We're sorry, but the page you were seeking does not exist. It may have been moved or expired. Perhaps our search engine can help.
The Internet is developing so rapidly that users typically discover only after the fact that their privacy was invaded or their private online activities were revealed to strangers. Safeguards don't seem to keep pace. That's troubling if, for example, a private marketer stealthily follows your online activities, as the Wall Street Journal has reported, or if trusted online sources permit others access to users' personal information without their knowledge or consent.
It's bad enough when private organizations track or share the Internet behavior of unsuspecting users. But private entities have limited control over our lives. It's quite another thing when the government does the snooping.
The Obama administration wants Congress to make it easier for the FBI to force private companies to turn over records of individuals' Internet activities and to do so without so much as a court order if government agents believe the information pertains to terrorism or an intelligence investigation.
The danger in such expansive powers to document personal online behavior - particularly without court review and approval beforehand - should give all Americans pause.
The administration desires to add the words "electronic communication transactional records" to items the law already permits the FBI to demand from Internet providers without a court order. The additional records include addresses to which e-mail is sent, including the times and dates it's sent and received. The FBI also may seek access to users' browser histories, the Washington Post recently reported.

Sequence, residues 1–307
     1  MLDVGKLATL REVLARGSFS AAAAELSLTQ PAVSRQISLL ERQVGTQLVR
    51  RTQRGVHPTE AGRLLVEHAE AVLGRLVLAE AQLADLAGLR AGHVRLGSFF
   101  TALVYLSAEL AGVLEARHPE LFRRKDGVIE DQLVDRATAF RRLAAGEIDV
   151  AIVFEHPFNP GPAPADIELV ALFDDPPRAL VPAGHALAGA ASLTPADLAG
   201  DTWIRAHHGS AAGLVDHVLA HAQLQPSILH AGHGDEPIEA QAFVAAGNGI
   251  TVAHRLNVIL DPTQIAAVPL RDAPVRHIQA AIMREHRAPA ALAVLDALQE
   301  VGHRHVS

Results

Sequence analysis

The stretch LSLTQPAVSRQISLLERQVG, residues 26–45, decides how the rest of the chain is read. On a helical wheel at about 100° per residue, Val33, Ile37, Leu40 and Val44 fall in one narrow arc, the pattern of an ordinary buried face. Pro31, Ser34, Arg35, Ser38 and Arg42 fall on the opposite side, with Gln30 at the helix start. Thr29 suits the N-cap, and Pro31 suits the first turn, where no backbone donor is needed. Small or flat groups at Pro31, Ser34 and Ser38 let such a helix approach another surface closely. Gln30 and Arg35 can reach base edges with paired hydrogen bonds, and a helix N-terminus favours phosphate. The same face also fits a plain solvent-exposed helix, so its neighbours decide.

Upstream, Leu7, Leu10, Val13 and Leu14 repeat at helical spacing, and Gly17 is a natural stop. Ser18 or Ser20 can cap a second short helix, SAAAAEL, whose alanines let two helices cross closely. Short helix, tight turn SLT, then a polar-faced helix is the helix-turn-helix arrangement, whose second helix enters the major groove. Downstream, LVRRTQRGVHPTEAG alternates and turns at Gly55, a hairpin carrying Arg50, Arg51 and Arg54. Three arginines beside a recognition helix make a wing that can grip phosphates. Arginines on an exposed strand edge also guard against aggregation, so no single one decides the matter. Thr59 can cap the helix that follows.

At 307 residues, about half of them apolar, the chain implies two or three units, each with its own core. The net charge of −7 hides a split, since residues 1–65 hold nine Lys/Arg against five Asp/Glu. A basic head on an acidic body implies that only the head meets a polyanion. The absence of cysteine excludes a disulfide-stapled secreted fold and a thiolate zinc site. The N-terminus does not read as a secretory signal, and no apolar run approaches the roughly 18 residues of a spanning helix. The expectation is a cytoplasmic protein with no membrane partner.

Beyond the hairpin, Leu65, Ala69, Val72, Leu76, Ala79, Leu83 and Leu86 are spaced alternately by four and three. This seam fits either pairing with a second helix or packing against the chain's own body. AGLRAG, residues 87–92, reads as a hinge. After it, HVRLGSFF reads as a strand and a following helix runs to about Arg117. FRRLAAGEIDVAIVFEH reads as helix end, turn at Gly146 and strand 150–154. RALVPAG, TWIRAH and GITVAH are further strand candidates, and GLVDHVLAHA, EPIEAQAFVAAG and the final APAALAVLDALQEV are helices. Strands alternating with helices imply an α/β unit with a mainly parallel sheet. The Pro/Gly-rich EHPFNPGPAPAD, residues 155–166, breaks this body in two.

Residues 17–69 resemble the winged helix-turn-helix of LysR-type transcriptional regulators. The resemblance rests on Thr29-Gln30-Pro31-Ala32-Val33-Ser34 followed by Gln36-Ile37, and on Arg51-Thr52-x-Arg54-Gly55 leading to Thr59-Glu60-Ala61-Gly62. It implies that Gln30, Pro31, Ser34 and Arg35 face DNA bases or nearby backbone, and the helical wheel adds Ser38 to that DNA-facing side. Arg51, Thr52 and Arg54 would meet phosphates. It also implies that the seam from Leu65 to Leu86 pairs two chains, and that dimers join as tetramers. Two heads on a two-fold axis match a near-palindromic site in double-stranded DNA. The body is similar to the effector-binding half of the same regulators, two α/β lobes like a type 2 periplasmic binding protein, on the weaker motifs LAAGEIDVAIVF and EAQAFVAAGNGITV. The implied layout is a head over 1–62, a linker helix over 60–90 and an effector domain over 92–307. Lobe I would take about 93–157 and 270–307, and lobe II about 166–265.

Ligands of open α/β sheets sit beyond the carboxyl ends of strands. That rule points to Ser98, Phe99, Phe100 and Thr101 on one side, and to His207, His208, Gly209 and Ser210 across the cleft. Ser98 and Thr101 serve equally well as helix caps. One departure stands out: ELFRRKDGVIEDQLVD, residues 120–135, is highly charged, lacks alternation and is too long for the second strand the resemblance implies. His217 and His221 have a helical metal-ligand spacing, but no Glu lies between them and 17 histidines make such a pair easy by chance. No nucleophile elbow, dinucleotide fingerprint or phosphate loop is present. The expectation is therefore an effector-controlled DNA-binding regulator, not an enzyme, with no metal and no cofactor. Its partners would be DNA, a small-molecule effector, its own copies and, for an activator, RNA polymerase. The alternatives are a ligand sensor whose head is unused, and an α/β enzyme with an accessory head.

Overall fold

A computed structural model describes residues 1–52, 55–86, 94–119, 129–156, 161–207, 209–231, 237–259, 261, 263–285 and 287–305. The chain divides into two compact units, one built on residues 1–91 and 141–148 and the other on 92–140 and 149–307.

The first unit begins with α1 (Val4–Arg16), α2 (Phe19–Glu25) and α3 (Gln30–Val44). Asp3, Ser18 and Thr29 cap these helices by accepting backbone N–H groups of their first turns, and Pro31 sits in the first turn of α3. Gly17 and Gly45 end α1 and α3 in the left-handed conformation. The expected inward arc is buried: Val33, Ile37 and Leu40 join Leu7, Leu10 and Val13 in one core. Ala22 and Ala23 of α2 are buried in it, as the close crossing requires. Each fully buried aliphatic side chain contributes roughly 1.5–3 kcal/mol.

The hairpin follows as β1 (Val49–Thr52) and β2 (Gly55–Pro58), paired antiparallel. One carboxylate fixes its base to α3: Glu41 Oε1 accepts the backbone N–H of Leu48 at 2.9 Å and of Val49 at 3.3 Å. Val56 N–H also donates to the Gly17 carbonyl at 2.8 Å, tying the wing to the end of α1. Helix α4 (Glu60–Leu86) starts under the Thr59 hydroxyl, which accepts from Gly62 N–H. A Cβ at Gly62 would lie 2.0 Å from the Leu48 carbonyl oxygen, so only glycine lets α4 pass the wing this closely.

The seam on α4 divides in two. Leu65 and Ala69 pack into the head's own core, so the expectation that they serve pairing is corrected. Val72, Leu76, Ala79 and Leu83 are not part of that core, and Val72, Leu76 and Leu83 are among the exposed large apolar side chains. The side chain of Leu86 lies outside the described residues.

We probably should be relieved the government isn't seeking to inspect the content of e-mails or "other Internet communication," as the Post put it. But we wonder how far off reading your e-mail might be without a judge's OK if the FBI gains unfettered access to these Internet records.
Industry lawyers and privacy advocates object. But the government says it merely seeks expansion of warrantless access already permitted with the issuance of so-called "national security letters," which are demands for information an FBI field office can make on its own authority. National security letters not only permit the government to request such information, but to keep the request secret when obtaining electronic records.
"It'll be faster and easier to get the data," Stewart A. Baker, a former Bush Homeland Security official now practicing national security and surveillance law, told the Post. "And for some Internet providers, it'll mean giving a lot more information to the FBI in response."
We don't doubt that. Expansion of the government's warrantless accumulation of private communication records also proportionately would diminish Internet users' protections, and transform their Internet providers into arms of the government, collecting and passing on users' records without their knowledge or consent.
One of the many problems posed by the sought-after additional authority is that the phrase "electronic communication transactional records" isn't defined in existing statute or in the proposed law.
"Our biggest concern," said Kevin Bankston, attorney with the Electronic Frontier Foundation, a nonprofit Internet privacy organization, is that the expanded power "might be used to obtain Internet search queries and Web histories detailing every Web site visited and every file downloaded."
We share that concern. We hope Congress does, too, when this matter is taken up again after the election.